security (called Attachment Preferences), and previous studies
    on Attachment Preferences in emerging adults have focused only
    on the beginning of romantic relationships but not on the end
    of relationships. Czech emerging adults (M=21.47;SD=1.48)
    completed the questionnaire of Attachment Preferences at two
    time points, Wave 1 (Summer 2013) and Wave 2 (Summer 2014).
    Latent difference score analyses revealed that emerging adults
    who were not in a romantic relationship in Wave 1 but started a
    romantic relationship between the two waves (n=97) and those
    who had a romantic partner in both waves (n=379) were both more
    likely to increase their Attachment Preference for the romantic
    partner and decrease their Preference for friends, whereas
    those who did not start a relationship (n=185) were not.
    Emerging adults who were in a romantic relationship in Wave 1
    but were not in Wave 2 (n=69) decreased their Preference for
    the partner and increased their Preference for friends. In all
    the groups, Attachment Preferences for the mother, for the
    father, or for the family did not change. Multiple regression
    analyses further revealed that for those who had a romantic
    partner in both waves, their length of romantic relationship
    was associated with changes in Attachment Preferences for
    romantic partners and for friends.

  • Transition of Attachment hierarchy from early to late adolescence
    , 2020
    Co-Authors: Tomotaka Umemura, Petr Macek, Lenka Lacinova

    Abstract:

    The primary Attachment figure shifts from parents to romantic partners in the course of development. The present study employed longitudinal data to examine how this developmental shift occurs during adolescence.Participants were 210 Czech adolescents (mean age=14.02, SD=2.05; females=54%) in four different cohorts: 6th graders (n=43), 8th graders (n=71), 10th graders (n=57), and 12th graders (n=39). They respond to our questionnaires approximately every month since October 2016 until September 2018. Using the Important People Interview (Rosenthal & Kobak, 2010), we ask adolescents to rank order their Attachment figures in 3 circumstances (1=general closeness, 2=separation distress, and 3=emergency situation). During adolescence, people transfer their Attachment Preference from parents through friends to romantic partner. It was found that a small group of adolescents seem to directly transfer their primary Attachment figure from parents to romantic partner. However, the majority of adolescents prefer their friends in their transition of their primary Attachment figure.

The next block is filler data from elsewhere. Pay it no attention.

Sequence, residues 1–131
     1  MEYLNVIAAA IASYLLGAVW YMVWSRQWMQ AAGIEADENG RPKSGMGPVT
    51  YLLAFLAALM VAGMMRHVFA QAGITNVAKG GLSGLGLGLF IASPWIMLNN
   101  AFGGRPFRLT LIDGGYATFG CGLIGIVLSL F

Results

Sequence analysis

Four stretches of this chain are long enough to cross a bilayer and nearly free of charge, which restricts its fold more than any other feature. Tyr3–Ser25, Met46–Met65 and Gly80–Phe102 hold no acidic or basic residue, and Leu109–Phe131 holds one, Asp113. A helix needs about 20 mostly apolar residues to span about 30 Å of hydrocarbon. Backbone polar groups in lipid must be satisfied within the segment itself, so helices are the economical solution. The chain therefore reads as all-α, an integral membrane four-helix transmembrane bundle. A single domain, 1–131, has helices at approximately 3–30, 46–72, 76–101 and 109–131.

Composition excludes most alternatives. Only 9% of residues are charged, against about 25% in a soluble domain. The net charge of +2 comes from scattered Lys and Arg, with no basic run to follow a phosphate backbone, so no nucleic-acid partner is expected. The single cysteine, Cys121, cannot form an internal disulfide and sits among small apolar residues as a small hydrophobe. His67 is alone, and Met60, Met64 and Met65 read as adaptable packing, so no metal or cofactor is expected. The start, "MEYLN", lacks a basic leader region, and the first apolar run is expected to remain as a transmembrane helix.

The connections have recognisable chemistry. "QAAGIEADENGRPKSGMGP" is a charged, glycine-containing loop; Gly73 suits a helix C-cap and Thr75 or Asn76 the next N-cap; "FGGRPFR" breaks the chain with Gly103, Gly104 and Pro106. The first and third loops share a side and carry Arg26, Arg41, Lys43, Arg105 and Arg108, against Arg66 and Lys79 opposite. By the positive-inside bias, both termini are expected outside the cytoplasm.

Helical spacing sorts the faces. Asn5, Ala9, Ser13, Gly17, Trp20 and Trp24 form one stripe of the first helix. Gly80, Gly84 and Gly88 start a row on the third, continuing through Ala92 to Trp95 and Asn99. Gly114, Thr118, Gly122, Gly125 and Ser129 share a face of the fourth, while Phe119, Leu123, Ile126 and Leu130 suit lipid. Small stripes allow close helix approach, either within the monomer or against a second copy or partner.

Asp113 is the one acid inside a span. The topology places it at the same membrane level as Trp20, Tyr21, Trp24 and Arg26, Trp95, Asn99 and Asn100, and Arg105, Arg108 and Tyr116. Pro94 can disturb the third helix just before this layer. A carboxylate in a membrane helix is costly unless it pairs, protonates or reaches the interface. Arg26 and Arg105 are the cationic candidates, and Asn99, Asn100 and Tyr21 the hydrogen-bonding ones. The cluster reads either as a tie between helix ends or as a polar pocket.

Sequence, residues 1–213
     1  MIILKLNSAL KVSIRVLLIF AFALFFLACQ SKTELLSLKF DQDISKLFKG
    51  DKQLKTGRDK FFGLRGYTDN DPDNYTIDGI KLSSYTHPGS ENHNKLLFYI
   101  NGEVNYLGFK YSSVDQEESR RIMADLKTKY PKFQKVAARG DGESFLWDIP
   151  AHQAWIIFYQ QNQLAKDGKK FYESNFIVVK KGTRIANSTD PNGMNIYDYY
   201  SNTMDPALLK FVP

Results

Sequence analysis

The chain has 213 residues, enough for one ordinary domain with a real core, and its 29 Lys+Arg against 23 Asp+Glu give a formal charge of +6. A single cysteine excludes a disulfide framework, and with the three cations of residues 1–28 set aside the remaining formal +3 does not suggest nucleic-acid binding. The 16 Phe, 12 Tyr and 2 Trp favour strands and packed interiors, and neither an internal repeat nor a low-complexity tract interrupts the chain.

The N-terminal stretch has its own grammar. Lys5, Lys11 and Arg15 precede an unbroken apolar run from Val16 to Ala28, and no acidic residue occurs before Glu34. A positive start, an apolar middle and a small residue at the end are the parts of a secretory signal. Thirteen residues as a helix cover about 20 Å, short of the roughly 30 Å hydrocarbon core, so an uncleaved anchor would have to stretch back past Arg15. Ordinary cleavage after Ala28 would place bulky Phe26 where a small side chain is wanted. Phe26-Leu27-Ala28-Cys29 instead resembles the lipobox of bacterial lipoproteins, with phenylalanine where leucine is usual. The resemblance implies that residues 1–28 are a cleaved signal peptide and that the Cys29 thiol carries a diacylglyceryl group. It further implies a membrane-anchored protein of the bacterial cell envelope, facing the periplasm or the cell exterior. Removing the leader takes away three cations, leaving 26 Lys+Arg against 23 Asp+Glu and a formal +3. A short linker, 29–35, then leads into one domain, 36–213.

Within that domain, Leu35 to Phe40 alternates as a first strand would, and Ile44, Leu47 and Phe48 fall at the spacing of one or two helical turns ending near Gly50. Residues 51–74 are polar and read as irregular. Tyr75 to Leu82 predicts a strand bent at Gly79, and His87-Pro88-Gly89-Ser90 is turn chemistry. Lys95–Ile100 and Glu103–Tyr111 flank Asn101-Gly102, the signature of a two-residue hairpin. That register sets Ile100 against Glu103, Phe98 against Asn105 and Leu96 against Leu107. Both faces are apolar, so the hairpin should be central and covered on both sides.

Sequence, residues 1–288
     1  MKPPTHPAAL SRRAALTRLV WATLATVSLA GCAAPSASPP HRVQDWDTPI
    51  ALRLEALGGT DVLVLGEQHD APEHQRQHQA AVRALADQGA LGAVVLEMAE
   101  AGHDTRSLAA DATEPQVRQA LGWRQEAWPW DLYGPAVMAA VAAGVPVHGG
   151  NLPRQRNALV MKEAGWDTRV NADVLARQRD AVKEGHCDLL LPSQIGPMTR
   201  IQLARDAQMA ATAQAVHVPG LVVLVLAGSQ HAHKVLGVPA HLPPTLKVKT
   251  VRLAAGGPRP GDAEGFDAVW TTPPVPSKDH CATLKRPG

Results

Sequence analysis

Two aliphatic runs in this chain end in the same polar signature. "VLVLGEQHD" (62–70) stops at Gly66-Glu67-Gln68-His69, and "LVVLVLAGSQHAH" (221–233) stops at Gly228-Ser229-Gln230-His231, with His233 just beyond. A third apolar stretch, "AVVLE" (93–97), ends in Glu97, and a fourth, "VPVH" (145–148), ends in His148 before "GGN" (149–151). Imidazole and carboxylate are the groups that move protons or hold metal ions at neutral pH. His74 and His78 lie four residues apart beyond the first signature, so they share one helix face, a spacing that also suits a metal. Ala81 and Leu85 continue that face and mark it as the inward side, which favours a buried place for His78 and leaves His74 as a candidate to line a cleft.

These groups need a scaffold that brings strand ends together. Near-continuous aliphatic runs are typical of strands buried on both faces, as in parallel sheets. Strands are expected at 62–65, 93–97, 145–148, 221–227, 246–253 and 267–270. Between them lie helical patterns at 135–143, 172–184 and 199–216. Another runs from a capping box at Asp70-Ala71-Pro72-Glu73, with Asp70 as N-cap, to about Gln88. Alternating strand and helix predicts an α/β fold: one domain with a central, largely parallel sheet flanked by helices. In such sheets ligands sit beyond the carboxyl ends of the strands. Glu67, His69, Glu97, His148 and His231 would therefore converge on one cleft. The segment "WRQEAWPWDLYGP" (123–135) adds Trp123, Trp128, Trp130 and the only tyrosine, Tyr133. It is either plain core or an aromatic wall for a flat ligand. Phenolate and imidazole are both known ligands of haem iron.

• Longitudinal changes in emerging adults’ Attachment Preferences for their mother, father, friends, and romantic partner: Focusing on the start and end of romantic relationships
    International Journal of Behavioral Development, 2016
    Co-Authors: Tomo Umemura, Petr Macek, Lenka Lacinova, E.saskia Kunnen

    Abstract:

    Only a few studies have longitudinally explored to whom emerging adults prefer to turn to seek closeness, comfort, and security (called “Attachment Preferences”), and previous studies on Attachment Preferences in emerging adults have focused only on the beginning of romantic relationships but not on the end of relationships. Czech emerging adults (M = 21.47; SD = 1.48) completed the questionnaire of Attachment Preferences at two time points, Wave 1 (Summer 2013) and Wave 2 (Summer 2014). Latent difference score analyses revealed that emerging adults who were not in a romantic relationship in Wave 1 but started a romantic relationship between the two waves (n = 97) and those who had a romantic partner in both waves (n = 379) were both more likely to increase their Attachment Preference for the romantic partner and decrease their Preference for friends, whereas those who did not start a relationship (n = 185) were not. Emerging adults who were in a romantic relationship in Wave 1 but were not in Wave 2 (n =…

Sonja A Kotz – 3rd expert on this subject based on the ideXlab platform

  • Attachment Preference in auditory german sentences individual differences and pragmatic strategy
    Frontiers in Psychology, 2019
    Co-Authors: Eleanor Harding, Sonja A Kotz, Daniela Sammler

    Abstract:

    : Relative clauses modify a preceding element, but as this element can be flexibly located, the point of Attachment is sometimes ambiguous. Preference for this Attachment can vary within languages such as German, yet explanations for differences in Attachment Preference related to cognitive strategies or constraints have been conflicting in the current literature. The present study aimed to assess the Preference for relative clause Attachment among German listeners and whether these Preferences could be explained by strategy or individual differences in working memory or musical rhythm ability. We performed a sentence completion experiment, conducted post hoc interviews, and measured working memory and rhythm abilities with diagnostic tests. German listeners had no homogeneous Attachment Preference, although participants consistently completed individual sentences across trials according to the general Preference that they reported offline. Differences in Attachment Preference were moreover not linked to individual differences in either working memory or musical rhythm ability. However, the pragmatic content of individual sentences sometimes overrode the general syntactic Preference in participants with lower rhythm ability. Our study makes an important contribution to the field of psycholinguistics by validating offline self-reports as a reliable diagnostic for an individual’s online relative clause Attachment Preference. The link between pragmatic strategy and rhythm ability is an interesting direction for future research.